Althea McNish, the textile designer born in Trinidad, herself inspired many, many young designers with her exuberance and excitement for their work. Although well known in design circles she only became more famous after her demise with a large exhibition being held and obtaining a Blue Plaque.

Nanna Ditzel was widowed at a very young age and left with 3 young daughters to bring up, initially in Denmark. She managed to become one of the World’s greatest furniture designers, also designing textiles, tableware, and jewellery for Georg Jensen. She enthused inspiration – when I walked around Copenhagen with her the general public would come up to her to shake her hand or point her out as a great designer.

Above all my mother, Ray Hille, was a great inspiration as she was respected as a designer and a manufacturer as early as the 1920s and 30s. She was still very involved with Hille up to 1984 and was always prepared to accept and resolve ways to manufacture new innovative design products. She understood the diverse problems of her staff, especially women, helping them with even their household problems. Despite all this she always had time for the extended family and running the home.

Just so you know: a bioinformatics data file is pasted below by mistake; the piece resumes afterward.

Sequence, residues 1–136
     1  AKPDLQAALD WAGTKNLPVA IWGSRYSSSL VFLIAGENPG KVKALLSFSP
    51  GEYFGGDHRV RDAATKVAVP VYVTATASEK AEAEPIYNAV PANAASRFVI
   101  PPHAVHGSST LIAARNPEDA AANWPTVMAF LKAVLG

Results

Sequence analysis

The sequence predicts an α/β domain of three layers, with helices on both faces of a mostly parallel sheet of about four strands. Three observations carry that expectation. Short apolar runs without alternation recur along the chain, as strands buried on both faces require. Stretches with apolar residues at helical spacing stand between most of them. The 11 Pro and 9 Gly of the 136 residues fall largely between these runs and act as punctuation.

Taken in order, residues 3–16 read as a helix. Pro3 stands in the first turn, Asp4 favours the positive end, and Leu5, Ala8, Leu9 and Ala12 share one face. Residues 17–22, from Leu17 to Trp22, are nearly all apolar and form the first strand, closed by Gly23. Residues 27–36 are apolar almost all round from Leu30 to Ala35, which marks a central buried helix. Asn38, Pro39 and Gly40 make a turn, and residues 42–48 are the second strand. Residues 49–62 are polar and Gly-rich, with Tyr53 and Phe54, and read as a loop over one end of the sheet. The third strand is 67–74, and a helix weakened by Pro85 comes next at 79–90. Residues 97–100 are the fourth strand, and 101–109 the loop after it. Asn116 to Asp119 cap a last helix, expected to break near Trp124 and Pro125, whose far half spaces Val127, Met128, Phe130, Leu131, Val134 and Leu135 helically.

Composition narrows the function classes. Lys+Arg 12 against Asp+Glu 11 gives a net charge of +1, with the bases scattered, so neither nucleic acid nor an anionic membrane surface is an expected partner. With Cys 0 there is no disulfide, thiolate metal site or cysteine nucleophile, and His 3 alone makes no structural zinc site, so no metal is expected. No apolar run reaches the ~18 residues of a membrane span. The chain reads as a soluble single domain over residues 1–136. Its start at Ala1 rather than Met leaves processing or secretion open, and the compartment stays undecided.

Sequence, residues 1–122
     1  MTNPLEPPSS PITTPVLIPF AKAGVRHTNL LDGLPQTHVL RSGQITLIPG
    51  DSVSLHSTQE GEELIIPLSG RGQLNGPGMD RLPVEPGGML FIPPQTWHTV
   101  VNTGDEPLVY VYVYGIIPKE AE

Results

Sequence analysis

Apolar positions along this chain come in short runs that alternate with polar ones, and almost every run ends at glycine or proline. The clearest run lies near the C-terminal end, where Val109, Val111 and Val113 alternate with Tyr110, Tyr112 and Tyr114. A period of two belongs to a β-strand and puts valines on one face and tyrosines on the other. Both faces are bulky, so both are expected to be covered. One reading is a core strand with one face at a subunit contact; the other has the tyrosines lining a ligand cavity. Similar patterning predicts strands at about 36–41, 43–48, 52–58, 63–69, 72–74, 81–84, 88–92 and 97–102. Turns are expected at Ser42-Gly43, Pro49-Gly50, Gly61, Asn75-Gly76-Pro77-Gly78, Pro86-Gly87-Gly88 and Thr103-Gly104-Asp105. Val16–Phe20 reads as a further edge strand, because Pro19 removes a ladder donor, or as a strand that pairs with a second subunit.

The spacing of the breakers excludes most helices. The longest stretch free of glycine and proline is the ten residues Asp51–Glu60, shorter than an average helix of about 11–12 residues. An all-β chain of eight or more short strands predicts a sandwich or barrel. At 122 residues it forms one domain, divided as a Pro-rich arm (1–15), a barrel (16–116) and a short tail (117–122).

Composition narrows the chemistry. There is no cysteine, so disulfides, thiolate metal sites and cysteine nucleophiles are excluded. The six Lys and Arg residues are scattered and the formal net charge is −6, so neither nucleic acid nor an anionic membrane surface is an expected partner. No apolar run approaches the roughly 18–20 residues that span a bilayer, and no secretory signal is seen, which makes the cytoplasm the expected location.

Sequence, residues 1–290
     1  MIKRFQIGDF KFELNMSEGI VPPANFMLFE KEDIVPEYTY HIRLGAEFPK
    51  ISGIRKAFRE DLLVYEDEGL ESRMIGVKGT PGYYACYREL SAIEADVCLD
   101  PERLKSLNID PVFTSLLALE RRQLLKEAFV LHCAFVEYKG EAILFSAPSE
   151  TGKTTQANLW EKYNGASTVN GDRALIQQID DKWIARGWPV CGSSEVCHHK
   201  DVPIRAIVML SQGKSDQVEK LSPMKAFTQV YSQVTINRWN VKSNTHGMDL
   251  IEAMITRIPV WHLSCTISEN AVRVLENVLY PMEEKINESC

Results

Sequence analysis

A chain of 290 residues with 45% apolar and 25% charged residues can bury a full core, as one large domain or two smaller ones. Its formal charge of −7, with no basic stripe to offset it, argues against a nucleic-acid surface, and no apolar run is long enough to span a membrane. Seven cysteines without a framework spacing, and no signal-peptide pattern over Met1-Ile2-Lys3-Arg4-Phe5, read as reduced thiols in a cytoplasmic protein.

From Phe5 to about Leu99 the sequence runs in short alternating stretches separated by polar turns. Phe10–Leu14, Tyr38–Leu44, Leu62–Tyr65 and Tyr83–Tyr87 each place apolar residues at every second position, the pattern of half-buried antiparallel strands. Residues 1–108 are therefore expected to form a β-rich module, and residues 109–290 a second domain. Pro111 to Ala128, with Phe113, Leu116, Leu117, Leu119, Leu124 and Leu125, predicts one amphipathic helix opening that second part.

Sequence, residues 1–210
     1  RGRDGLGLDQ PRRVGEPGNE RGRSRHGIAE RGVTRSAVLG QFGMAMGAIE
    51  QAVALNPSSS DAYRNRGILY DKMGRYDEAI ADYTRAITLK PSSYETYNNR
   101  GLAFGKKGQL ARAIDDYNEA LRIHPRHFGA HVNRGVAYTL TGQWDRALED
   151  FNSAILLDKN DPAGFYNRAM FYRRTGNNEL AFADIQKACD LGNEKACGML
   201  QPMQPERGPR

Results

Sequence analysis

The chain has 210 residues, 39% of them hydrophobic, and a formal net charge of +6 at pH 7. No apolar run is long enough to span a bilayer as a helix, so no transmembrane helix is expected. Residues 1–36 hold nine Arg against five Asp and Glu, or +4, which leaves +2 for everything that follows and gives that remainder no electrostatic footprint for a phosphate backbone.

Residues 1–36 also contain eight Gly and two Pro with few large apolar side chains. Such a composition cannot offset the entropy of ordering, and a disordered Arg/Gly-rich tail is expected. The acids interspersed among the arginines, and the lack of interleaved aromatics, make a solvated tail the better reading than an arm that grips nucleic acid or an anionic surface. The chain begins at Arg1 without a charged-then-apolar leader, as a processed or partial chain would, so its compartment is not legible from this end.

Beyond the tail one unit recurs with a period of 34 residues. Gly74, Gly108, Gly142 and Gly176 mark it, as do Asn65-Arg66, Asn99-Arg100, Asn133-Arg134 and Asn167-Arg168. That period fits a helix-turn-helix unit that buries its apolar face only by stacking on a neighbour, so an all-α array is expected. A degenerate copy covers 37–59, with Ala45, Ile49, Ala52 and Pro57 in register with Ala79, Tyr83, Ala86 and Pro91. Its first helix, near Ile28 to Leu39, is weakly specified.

Thank you for reading this conversation. Discover more empowering stories from Inspirational Women in commercial interiors by clicking HERE to continue our #InspireInclusion series.

Join us in celebrating and learning from these influential voices!


About Alys Bryan

Alys is a knowledgeable design editor who is focused on instigating conversations, both online and in-person, with industry experts which challenge, educate and advance the commercial interior sector. Her training and 15 years of professional experience as a furniture designer for the commercial sector makes her uniquely placed to lead Design Insider as Editor